His turn of phrase is interesting, if innocent. A look at the list of Australian billionaires reveals that the majority are - if not casting iron exactly - certainly engaged in mining or construction. Digging holes and building towers, I would suggest, tend not to be the occupations of aesthetes and art lovers.
Much of the rest of McDonald's article relates to corporate rather than individual support for art. However, it is his suggestion that the rich should support the arts, or anything else that concerns me. I agree that it would be nice if there were more support for the arts. Equally, I believe it is important that we do what we can to encourage philanthropy of any kind from the wealthy and not so wealthy more generally. However, there is a another side to this equation. That is the side of the beneficiaries of philanthropy - whether they be the arts and artists, or other sections of our civil society.
The responsibility of those of us who work for civil society is to enter into a positive dialogue with the wealthy and make the case that we are worthy of support. McDonald makes these points in the final paragraphs of his piece. "Many donors, large and small, complain that they have been treated with rudeness or a lack of consideration," he says. "Sending out letters and starting campaigns will never do the trick."
Of course not. What we need to do is investigate and understand the minds of our potential patrons. The comment I made above about digging holes building towers was intended as a clue. To start with we need to identify whom the most likely supporters will be. What are their interests and what do they value?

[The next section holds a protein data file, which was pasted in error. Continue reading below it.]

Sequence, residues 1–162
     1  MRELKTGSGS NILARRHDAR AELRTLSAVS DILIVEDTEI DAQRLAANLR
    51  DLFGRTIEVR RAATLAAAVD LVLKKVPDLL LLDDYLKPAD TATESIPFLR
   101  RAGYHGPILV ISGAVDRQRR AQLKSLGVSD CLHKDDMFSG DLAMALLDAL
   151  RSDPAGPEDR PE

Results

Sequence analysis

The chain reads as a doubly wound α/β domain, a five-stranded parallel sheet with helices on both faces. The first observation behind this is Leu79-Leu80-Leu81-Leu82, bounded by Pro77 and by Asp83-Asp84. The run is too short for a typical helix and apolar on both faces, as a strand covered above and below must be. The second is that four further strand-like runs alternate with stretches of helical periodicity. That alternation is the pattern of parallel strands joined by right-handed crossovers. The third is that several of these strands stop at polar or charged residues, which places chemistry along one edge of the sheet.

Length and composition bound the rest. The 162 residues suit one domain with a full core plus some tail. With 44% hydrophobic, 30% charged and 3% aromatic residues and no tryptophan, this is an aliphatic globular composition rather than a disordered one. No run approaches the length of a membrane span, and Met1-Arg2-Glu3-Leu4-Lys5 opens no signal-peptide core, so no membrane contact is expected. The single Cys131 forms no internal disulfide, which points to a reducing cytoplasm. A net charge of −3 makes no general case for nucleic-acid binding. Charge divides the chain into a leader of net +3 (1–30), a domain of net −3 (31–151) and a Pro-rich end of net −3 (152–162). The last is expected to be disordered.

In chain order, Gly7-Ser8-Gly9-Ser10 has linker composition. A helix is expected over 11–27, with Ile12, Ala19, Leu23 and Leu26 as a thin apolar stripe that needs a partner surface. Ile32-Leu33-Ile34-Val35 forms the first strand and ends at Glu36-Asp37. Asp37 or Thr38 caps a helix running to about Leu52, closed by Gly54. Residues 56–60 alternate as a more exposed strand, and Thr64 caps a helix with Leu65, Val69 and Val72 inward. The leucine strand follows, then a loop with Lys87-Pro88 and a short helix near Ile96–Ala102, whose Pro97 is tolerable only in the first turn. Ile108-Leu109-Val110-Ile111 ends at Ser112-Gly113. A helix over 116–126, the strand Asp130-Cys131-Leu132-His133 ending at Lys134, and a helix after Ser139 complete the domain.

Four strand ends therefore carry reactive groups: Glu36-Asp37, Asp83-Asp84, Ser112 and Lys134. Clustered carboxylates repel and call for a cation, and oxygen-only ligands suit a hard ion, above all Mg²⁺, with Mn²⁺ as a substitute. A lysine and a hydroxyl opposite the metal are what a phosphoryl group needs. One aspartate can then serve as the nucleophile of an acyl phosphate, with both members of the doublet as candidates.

Interests amongst the first and second and second generation that dominate the Australian very wealthy tend to remain close to the source of their wealth. Their preoccupation is with the industries from which their money has come and they hope will continue to come. Miners and builders tend not (generalization warning!) to be very interested in the arts.
However, some are philanthropic. Of the Aussie billionaire miners, Andrew Forrest gives generously to indigenous programs. Of the billionaire developers, Frank Lowy has given time and money to football. There are readily found clues in the background of each which point to these preferences. Their personal stories have been told again and again in the media.
The two billionaires whom McDonald specifically mentions as supporters of art are are Kerry Stokes (media) and Kerr Neilson (finance). Both are art collectors, the latter owns a gallery. In my view he unfairly overlooks the Pratts (Packaging) and Packers (Media and Gambling).
Both are billionaire families who have made substantial contributions to performing and visual arts over decades. In fact, he dismisses James Packer's $65 million commitment to the arts as "a sweetener" to a property development - Barangaroo - in which Packer has a substantial interest. This, though, is to overlook the history of involvement in the arts of other members of the Packer family.Family background has its influence on philanthropy. James Packer could have linked his sweetener to indigenous matters or to sport, either of which would have gained him brownie points with the government.
Philanthropic decisions are rarely made unilaterally. The Pratt family link to the arts can be discovered through the biography of its principal characters.
My point? We enlist the wealthy by identifying those who are most likely to share our values and beliefs, developing relationships with them and offering them opportunities to support our work where it most seems to match their own interest. In my view there is nothing to be gained by complaining about or hectoring those who may have other genuinely held values, beliefs and interests.
About the author: John is a development consultant for Massey University in New Zealand, an advisor in the not for profit sector and a social entrepreneur.
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